Lanarkshire mental health project wins Scottish Health Award
Published: Friday, 22 November 2019
Frontline emergency staff in Lanarkshire win prestigious Scottish Health Award
Frontline emergency staff in Lanarkshire were among those praised after a unique mental health project which helps those in distress won a prestigious Scottish Health Award. The county’s hospital emergency departments (ED), Police Scotland, Scottish Ambulance Service (SAS), primary care and third sector staff, were all singled out for their dedication to the Distress Brief Intervention (DBI) programme after it picked up the Care for Mental Health award at the event on Thursday November 14.
DBI provides an ‘ask once - get help fast’ early intervention for people in distress/emotional pain who do not need emergency medical treatment. Frontline staff often meet people from the area who are emotionally overwhelmed as a result of issues such as bereavement, relationship, stress, low mood or financial worries. Some of these staff are now trained to help ease a person’s immediate distress with compassion, empowered with the knowledge they can refer the person for community support, which the person will be contacted about within 24 hours.
National DBI programme manager Kevin O’Neill, dedicated the award to all the staff across all the agencies involved. Kevin said:
“In acknowledging this achievement, we are of course sensitive to the fact our recognition comes from helping those in distress. It is this sensitivity to those in distress that inspires us all to work together to improve the outcomes and experiences of these people when they need help most. With almost 5000 people helped nationally so far – including almost 2500 in Lanarkshire – I know the biggest validation for our incredible front-line and third sector staff comes from seeing the difference they are making to people’s lives day in and day out. But I really hope all who have been part of the development and delivery of the DBI programme, takes a great deal of satisfaction and pride from this recognition. I can’t stress highly enough, this award is for all of them and I’m sure it will inspire and motivate us all to continue to provide the best connected compassionate support possible.”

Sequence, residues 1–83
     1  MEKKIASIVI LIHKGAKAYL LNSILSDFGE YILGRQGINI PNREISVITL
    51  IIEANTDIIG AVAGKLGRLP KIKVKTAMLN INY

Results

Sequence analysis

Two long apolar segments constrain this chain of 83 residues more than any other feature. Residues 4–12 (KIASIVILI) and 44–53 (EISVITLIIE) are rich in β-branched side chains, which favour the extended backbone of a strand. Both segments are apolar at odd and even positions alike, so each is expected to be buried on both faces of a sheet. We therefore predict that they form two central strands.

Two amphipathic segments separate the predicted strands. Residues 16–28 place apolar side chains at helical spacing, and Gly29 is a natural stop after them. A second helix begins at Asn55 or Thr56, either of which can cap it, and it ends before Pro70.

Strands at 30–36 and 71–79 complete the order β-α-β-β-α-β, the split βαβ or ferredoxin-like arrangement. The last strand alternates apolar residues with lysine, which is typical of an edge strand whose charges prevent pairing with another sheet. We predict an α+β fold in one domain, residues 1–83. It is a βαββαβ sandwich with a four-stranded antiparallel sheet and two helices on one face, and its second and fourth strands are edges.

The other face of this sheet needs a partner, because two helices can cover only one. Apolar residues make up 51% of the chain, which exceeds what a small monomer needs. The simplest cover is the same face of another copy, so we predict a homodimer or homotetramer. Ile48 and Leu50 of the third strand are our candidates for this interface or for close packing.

DBI consists of two parts, with part 1 seeing trained front-line ED, police, paramedic, and primary care staff help ease an individual’s immediate distress. They then ask the person if they would like further support and if the person agrees, they refer them to the DBI service with a promise of contact within the next 24 hours to start providing further face-to-face support. Part 2 is provided by commissioned and trained third sector staff who contact the person within 24-hours of referral and provide community-based problem solving support, wellness and distress management planning, supported connections and signposting. Data gathered so far shows on average, the level of distress of those who have received DBI support, has halved.
Paula Macleod, general manager mental health and learning disability services, NHS Lanarkshire, said: “All the partners across the whole of Lanarkshire are absolutely delighted with this. Staffs’ efforts have resulted in around 2500 people in Lanarkshire supported to manage their distress since the pilot began and they can rightly be delighted with this national recognition.”
DBI is a Scottish Government funded pilot and the Government’s principal medical officer Dr John Mitchell said: “Any initiative is only as good as those who embrace and deliver it and I want to use this opportunity to thank all the health and social care, police, ambulance and third sector staff who have made this possible. The success of DBI is a tribute to their belief and commitment and I’m absolutely delighted this has also been recognised by the award judges.”
Lanarkshire DBI team members include (l-r) Jacqui Taylor, Lifelink; Carol Irvine, Lifelink; Lynsey Callander NHS Lanarkshire; Mandy Dewar, Lanarkshire Association for Mental Health; Lisa Reynolds, Lifelink; Hugh Cairns, Lanarkshire Association for Mental Health; Roseanne Collins, Lifelink; Alex Gilmour, Richmond Fellowship Scotland; Kevin O'Neill; John Truesdale Lanarkshire mental health improvement manager; Anne Marie Brankin, Richmond Fellowship Scotland.
The DBI programme emerged from the Scottish Government’s work on suicide prevention and mental health strategies. It is being piloted in four areas – Aberdeen, Borders, Inverness and Lanarkshire with emergency department staff, police officers, SAS paramedics and technicians, GPs and out-of-hours, NHS 24, six level 2 providers and the University of Glasgow’s Institute of Health & Well-being.
The six level two providers are:
• Penumbra in Aberdeen
• Scottish Association for Mental Health in the Borders
• Support in Mind Scotland in Inverness
• Lanarkshire Association for Mental Health, Lifelink and The Richmond Fellowship in Lanarkshire.
Other areas of Scotland are being invited to become DBI associate partners to enable them to benefit from DBI learning. Moray became the first DBI associate partner in June 2019 with other areas expressing interest.